The stunning beauty of this book is that you are lucky enough to be in the passenger seat of this racecar, wishing to be him, to rise, as he does, to every battle, not always successfully but always with his own real intelligence, tenacity, morality and heart. He does not know and nor do you that his desire to be a successful trader (and he succeeds beyond his wildest dreams) will lead him to circumstances where life and decency come to matter more than anything.

    Which character – as performed by Adam Grupper – was your favorite?

    I think Adam Grupper did brilliantly as well. Bill Browder is the main character but Grupper did the Brits, the Russians, the Americans -- all beautifully.

    If you were to make a film of this book, what would the tag line be?

    A true story of high finance, politics, murder and one man's fight for justice.

    Any additional comments?

    I have rarely read a memoir so informative, so riveting and so powerful. I want to go to work for this man. He is brave. He has morality and he's one hell of a storyteller.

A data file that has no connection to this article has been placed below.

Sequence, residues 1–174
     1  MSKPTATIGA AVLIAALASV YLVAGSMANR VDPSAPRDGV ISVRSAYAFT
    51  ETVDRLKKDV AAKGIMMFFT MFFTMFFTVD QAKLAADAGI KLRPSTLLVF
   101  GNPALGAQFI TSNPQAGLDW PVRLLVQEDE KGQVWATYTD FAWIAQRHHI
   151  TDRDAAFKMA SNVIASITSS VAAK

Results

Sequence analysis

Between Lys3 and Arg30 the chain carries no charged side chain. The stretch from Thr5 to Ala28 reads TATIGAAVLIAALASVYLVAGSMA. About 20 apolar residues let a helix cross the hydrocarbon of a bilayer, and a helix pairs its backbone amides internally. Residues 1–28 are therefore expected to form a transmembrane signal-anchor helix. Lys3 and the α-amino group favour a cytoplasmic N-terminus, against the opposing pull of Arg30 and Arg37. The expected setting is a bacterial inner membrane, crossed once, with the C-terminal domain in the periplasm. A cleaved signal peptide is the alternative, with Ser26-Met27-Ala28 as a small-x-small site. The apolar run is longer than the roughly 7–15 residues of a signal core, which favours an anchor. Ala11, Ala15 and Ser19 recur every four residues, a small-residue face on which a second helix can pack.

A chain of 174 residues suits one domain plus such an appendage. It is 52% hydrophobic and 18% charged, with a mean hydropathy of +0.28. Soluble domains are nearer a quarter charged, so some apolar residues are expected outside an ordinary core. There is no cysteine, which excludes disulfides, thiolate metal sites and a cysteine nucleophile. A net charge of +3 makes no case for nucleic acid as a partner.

0 of 0 people found this review helpful
  • The Darling

    • UNABRIDGED (13 hrs and 56 mins)
    • By Russell Banks
    • Narrated By Mary Beth Hurt
    • Whispersync for Voice-ready

    The Darling is Hannah Musgrave's story, told emotionally and convincingly years later by Hannah herself. A political radical and member of the Weather Underground, Hannah has fled America to West Africa, where she and her Liberian husband become friends and colleagues of Charles Taylor, the notorious warlord and now ex-president of Liberia. When Taylor leaves for the United States in an effort to escape embezzlement charges, he's immediately placed in prison.

    Ellen says: "Complex and compelling"
    "utterly without emotion"
    What would have made The Darling better?